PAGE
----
From daily The Independent in Britain:

First wolf pack found in California in nearly a century

Fears hunters may kill newly discovered canine group

Siobhan Fenton

Friday 21 August 2015

A wolf pack has been spotted in California for the first time in nearly a century.

Two adults and five pups have been confirmed in southeastern Siskiyou County. Local ranchers tending to their herds told authorities they had spotted the animals.

State and federal authorities subsequently confirmed the sightings after a remote camera captured photos of the pack.

Read more:

Stuffed Arctic wolf worth £32,000 stolen in London
Litter of wolf pups ‘first’ of its kind to be born in UK

The state’s grey wolf population became extinct in 1924. They were named the Shasta pack, after the nearby Mount Shasta.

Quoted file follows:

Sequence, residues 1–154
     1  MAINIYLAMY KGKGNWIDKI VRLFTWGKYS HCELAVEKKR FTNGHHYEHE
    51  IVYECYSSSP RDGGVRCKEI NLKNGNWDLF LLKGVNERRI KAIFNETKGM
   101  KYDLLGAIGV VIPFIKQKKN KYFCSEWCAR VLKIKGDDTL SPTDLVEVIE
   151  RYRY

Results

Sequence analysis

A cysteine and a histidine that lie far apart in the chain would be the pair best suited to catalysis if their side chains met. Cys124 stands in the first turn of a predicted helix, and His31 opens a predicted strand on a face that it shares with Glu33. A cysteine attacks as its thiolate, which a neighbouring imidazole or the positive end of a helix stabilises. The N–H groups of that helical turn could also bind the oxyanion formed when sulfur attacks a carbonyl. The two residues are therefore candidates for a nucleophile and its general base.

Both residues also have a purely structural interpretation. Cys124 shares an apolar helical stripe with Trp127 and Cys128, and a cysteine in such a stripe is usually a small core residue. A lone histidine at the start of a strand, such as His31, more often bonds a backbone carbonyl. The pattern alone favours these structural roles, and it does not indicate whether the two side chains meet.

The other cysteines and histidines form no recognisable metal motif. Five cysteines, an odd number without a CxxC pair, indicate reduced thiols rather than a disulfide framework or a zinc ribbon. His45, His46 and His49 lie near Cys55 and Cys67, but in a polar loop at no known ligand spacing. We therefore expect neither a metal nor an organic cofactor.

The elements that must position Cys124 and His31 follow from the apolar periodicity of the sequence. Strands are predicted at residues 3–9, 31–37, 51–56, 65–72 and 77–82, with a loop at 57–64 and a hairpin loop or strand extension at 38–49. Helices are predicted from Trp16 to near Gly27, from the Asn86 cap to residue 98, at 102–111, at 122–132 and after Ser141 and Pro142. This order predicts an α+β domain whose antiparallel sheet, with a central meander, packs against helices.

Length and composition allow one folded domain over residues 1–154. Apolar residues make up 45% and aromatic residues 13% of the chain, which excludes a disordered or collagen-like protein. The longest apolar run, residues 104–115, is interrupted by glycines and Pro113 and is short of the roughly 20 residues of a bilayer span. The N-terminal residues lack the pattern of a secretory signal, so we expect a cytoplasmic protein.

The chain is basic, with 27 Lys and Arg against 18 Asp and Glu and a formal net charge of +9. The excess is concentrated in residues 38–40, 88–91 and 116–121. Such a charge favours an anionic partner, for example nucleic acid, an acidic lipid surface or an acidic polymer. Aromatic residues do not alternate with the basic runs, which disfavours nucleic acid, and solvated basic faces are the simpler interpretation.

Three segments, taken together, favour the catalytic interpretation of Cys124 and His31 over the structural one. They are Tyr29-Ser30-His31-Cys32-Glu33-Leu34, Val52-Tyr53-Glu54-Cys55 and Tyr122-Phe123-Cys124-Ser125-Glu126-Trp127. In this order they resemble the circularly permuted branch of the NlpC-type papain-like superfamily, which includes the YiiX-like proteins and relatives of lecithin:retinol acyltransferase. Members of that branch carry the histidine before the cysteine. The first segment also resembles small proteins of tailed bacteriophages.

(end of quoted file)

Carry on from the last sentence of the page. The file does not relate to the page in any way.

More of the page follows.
Karen Kovacs, from the California Department of Fish and Wildlife, said she was stunned by the news of the wolves’ return. She believes they have most likely migrated from Oregon’s north-eastern corner.

It is hoped DNA tests might be able to give a more accurate understanding of the animals’ backgrounds.

The canines are protected by federal and state endangered species legislation but Amaroq Weiss, from the Centre for Biological Diversity, said local conservationists are concerned the wolves could still fall victim to hunters as hunting season gets underway in the area.

See also here.

New golden jackal species discovery in Africa

This video says about itself:

DNA analysis: The African golden jackal is a WOLF

1 August 2015

Golden jackals of Africa and Eurasia are two distantly related species.

This is according to new DNA analysis carried on both of the lineages.

Lineage of new species split from that of gray wolves 1.3 million years ago.

The Eurasian golden jackal lineage split about 600,000 years earlier.